The Communist Party in between Gorbachev's resignation and its suspension was politically impotent. By the time of the 28th Congress in July 1990, the party was largely regarded as being unable to lead the country and had, in fifteen republics, split into opposing factions favouring either independent republics or the continuation of the Soviet Union. Stripped of its leading role in society, the party lost its authority to lead the nation or the cohesion that kept the party united. Actual political power lay in the positions of President of the Soviet Union (held by Gorbachev) and President of the Russian SFSR (held by Boris Yeltsin). During the August coup he did not make public statements but on behalf of the Secretariat of the CPSU Central Committee distributed letters to local party organizations calling on them to uphold the CPSU.

Mikhail Gorbachev brought in his ally Ivashko in to replace the long-serving Volodymyr Shcherbytsky as First Secretary of the Communist Party of the Ukrainian SSR on 28 September 1989. Ivashko led the Communists to victory in the first relatively free parliamentary election held in the Ukrainian SSR, which took place from 4 March to 18 March 1990, the Communists winning 331 seats to the 'Democratic Bloc's' 111 seats. Ivashko was elected by the communist majority to the post of the Chairman of the Verkhovna Rada of the Ukrainian SSR on 4 June 1990. Since the abandonment by the Communists of their `leading role` in early 1990 this position now superseded that of First Secretary of the Communist Party as most powerful position in the Ukraine.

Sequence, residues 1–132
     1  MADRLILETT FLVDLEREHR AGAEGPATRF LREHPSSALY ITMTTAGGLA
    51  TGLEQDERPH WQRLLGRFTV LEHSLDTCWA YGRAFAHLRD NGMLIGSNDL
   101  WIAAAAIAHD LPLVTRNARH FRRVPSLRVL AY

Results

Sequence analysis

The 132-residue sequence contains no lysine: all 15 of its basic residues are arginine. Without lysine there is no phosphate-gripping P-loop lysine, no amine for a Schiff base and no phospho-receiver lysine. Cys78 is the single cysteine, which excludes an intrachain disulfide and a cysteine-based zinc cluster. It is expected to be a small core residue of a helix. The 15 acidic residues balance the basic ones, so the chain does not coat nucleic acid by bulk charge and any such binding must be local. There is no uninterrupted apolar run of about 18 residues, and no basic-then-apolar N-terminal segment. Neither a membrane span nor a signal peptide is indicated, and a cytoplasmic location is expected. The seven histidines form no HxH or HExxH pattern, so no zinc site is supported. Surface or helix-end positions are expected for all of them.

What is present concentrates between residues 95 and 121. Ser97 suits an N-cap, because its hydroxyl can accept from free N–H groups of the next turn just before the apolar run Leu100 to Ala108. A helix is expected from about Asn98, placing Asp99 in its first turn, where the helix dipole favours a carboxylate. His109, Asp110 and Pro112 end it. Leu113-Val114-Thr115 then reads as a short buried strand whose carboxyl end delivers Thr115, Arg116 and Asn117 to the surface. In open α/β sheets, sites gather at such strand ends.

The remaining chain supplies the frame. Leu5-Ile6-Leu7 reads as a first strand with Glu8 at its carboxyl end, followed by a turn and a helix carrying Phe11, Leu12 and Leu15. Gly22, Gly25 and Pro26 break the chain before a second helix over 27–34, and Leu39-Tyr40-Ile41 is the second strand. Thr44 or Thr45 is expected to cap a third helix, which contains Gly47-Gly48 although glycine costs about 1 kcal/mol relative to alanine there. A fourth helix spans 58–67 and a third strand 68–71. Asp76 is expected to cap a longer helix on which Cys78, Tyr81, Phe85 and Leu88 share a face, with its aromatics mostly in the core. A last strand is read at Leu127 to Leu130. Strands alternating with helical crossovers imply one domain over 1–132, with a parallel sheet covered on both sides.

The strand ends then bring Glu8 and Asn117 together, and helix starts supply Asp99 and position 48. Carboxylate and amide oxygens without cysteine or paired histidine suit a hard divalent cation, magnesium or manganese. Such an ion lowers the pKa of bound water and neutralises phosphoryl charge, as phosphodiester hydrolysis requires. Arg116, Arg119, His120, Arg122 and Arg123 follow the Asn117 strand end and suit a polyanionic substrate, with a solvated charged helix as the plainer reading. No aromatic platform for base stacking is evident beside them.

He resigned his position as First Secretary on 22 June 1990 following opposition demonstrations against his occupation of both the First Secretary post and Chairmanship of the Rada. However, on 9 July 1990 he too resigned as Chairman of the Verkhovna Rada of the Ukrainian SSR after declining to be recalled to Kiev during the 28th Congress of the Communist Party in Moscow, and a few days later successfully secured the position of Deputy General Secretary of the CPSU.

Ivashko retired in 1992 and died on 13 November 1994, at the age of 62 after an undetermined "long illness".

Washington Summit

The Washington Summit of 1987 was a Cold War-era meeting between United States president Ronald Reagan and General Secretary of the Communist Party of the Soviet Union Mikhail Gorbachev that took place December 8–10. Reagan and Gorbachev discussed regional conflicts in Afghanistan, Central America, and Southern Africa, arms control issues for chemical weapons as well as conventional weapons, the status of START negotiations, and human rights. A notable accomplishment of the Washington Summit was the signing of the Intermediate-Range Nuclear Forces (INF) Treaty.

Yevgeny Samoteykin

Yevgeny Matveyevich Samoteykin (Russian: Евгений Матвеевич Самотейкин); October 18, 1928, – July 20, 2014) was a Soviet diplomat.From 1952, Samoteykin worked in the central apparatus of the Soviet Ministry of Foreign Affairs and in Soviet diplomatic missions abroad. From 1964 he was a personal assistant to the First (later, General) secretary of the Communist Party of the Soviet Union Central Committee.On 24 April 1983 he was appointed as Ambassador of the Soviet Union to Australia, with concurrent accreditation to Nauru, Fiji and Vanuatu, and held the post until 22 August 1990.